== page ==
A group led by Dutch oil major Shell has emerged as the winner to develop 700MW of offshore wind in the Netherlands.
Shell was joined by contractor Van Oord, energy firm Eneco and Diamond Generating Europe, a subsidiary of Mitsubishi Corp. The consortium produced a bid of €54.50 per MWh, even lower than the €72.70 per MWh winning bid from Dong in the Netherlands in July, a world record at the time.
The consortium was an unsuccessful bidder in the previous tender but Shell said at the time it was determined to compete again.
The group fended off bids from 25 other parties to develop the Borssele III and IV sites which are expected to be operational by 2023. The projects will receive subsidies of €300 million, far below the €5 billion originally anticipated when the policies were first drawn up. The Dutch government said they could operate without subsidies in the near future.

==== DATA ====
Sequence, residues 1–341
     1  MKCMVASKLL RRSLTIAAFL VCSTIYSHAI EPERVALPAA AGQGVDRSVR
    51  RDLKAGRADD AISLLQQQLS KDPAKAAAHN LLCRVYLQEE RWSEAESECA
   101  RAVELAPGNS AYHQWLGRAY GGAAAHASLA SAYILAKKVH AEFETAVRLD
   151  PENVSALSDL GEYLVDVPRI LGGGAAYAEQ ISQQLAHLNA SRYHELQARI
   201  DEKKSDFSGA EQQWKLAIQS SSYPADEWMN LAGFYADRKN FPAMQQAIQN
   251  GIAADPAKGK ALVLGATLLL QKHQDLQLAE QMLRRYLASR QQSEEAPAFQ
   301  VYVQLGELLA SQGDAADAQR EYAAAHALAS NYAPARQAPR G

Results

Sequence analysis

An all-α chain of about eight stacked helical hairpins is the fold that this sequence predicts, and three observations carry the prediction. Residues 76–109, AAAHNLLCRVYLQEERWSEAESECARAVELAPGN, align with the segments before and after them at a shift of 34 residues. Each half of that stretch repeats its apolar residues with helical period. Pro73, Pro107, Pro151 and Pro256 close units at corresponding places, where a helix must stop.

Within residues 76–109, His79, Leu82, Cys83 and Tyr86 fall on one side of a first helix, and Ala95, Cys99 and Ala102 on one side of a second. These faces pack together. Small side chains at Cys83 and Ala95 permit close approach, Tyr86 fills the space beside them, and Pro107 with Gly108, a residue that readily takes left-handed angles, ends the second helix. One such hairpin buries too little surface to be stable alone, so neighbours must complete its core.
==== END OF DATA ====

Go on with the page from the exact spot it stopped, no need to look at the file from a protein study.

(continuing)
“If the electricity price develops as we expect, in seven and a half years’ time subsidies will no longer be required for the production of electricity from offshore wind farms,” said Henk Kamp, Dutch Minister of Economic Affairs. “That brings the government's aim for renewables to compete with fossil fuels without subsidy within reach.”
Kamp added that the tender results prove that offshore wind can provide economic value in addition to being part of an energy transition.
Meanwhile, Mitsubishi also announced it has joined Eneco as a shareholder in the 370MW Norther offshore wind farm in Belgium, with a joint venture between Diamond Generating Europe and Eneco holding 50 percent of the project. The project is slated to begin construction early next year and will cost about €1.2 billion.